Ice volleyball

But life at the station wasn’t always harmonic: «The crew members aren’t selected for compatibility, so obviously there are conflicts», Andrea remembers. But those crew members who did get along were bound together by the experience. Andrea is still in touch with three of her crew mates—one of them is her husband Stefan who also works at Metrohm International Headquarters today.

In Touch with Nature

Having always been close to nature, the untouched landscape in Antarctica had many charms for Andrea: from the breathtaking panoramic view of the sky, which is not covered by buildings, trees, or mountains, to snowmobile excursions to the nearest emperor penguin colony. The pictures that Andrea gave me for this blog post are just a small selection of the many that she took and developed in the Antarctic station’s photo lab: «4000 slides», she says, «are still waiting to be digitized.»

Seals

Life after Antarctica

Soon after her return from Antarctica, Andrea joined Metrohm as an application chemist at the Competence Center Ion Chromatography, of which she is the head today. A few years later, her husband Stefan also moved to Herisau. Andrea and Stefan haven’t lost their love of adventure, but the long-distance trips and extended bike tours through multiple countries that they used to do have been on hold since their daughter was born seven years ago. Andrea is looking forward to be taking them up again soon: «Our daughter is at an age now that allows us to start traveling more.»

After more than 17 years at Metrohm, Andrea still particularly enjoys the international contact that is part of her job: «We deal with so many different cultures all around the globe, and connected to them are very different sales strategies. Our colleagues all over the world are very good at what they do and they know their markets well. An important aspect of my job to listen to them and understand how we, at Headquarters, can support them with the expertise and the resources that we have here in Herisau.»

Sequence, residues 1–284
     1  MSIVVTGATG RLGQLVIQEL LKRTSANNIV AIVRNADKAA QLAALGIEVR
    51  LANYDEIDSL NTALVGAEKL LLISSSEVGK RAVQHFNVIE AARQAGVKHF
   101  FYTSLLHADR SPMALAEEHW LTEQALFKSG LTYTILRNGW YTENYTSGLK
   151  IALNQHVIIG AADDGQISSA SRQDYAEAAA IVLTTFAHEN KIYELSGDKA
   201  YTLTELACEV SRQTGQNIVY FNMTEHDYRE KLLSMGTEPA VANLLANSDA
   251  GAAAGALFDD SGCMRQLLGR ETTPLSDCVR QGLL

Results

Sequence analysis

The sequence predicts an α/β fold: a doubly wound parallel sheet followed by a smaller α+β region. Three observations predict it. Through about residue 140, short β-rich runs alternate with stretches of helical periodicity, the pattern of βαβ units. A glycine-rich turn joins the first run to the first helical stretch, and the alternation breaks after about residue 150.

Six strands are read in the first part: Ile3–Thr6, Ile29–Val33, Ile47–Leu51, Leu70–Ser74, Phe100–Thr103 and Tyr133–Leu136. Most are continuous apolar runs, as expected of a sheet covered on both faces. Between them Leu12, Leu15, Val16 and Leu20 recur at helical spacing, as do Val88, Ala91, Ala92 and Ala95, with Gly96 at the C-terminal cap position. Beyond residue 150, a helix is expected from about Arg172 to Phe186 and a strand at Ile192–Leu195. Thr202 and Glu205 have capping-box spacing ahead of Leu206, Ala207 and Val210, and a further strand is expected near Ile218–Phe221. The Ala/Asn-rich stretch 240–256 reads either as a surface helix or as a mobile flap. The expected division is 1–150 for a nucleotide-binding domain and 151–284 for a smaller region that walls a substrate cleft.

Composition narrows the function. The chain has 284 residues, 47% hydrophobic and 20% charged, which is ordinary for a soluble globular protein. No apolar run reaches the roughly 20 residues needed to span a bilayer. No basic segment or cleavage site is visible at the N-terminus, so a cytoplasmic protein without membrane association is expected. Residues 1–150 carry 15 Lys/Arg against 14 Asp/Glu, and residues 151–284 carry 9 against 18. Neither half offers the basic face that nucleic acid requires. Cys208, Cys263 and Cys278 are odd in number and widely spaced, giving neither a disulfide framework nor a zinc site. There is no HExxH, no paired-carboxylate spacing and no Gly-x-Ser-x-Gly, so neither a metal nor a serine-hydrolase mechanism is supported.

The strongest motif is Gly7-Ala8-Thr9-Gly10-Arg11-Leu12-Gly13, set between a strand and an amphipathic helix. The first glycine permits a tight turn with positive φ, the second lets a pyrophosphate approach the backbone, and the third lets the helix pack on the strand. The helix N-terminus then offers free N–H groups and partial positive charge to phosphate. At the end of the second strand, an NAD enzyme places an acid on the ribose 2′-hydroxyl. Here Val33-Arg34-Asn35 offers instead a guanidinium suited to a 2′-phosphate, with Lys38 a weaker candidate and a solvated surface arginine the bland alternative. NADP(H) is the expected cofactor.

Penguin colony in Antarctica

RV Polarstern

All photos are courtesy of Andrea Wille unless marked otherwise.

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7 Comments

  • Alyson Lanciki

    Andrea, this is really great. Thank you for sharing your experiences and photos as a woman wintering over and performing one of the harshest jobs imaginable. You are a great role model for young women!

    January 12, 2018 - 11:07 am Reply
    • Stephanie Kappes

      I agree! I’m so happy to have had the opportunity to put this inspiring story into words!

      January 12, 2018 - 11:13 am Reply
  • Muna Sidarus

    Andrea, you’re a brave woman! Like Stephanie I would be too worried…
    Really great story and amazing pictures.

    Stephanie, his is a such an interesting project and you have the right eye and sensibility for the job 🙂

    January 12, 2018 - 12:33 pm Reply
    • Stephanie Kappes

      Thanks, Muna!

      January 12, 2018 - 12:49 pm Reply
  • C.S.Ramachandran

    Very insightful article. I have studied in school that Antarctica is the coldest and windiest continent with an isolated and hostile environment but this article shows the southernmost continent in a better light.
    Hard to miss are the nice pictures that tell a thousand words !

    Keep up the good work, Stephanie.

    January 12, 2018 - 7:29 pm Reply
    • Stephanie Kappes

      Thank you, Chandu!

      January 13, 2018 - 3:48 pm Reply
  • Paula Caldevilla

    Super-cool! Amazing story and pictures 😀

    January 31, 2018 - 2:38 pm Reply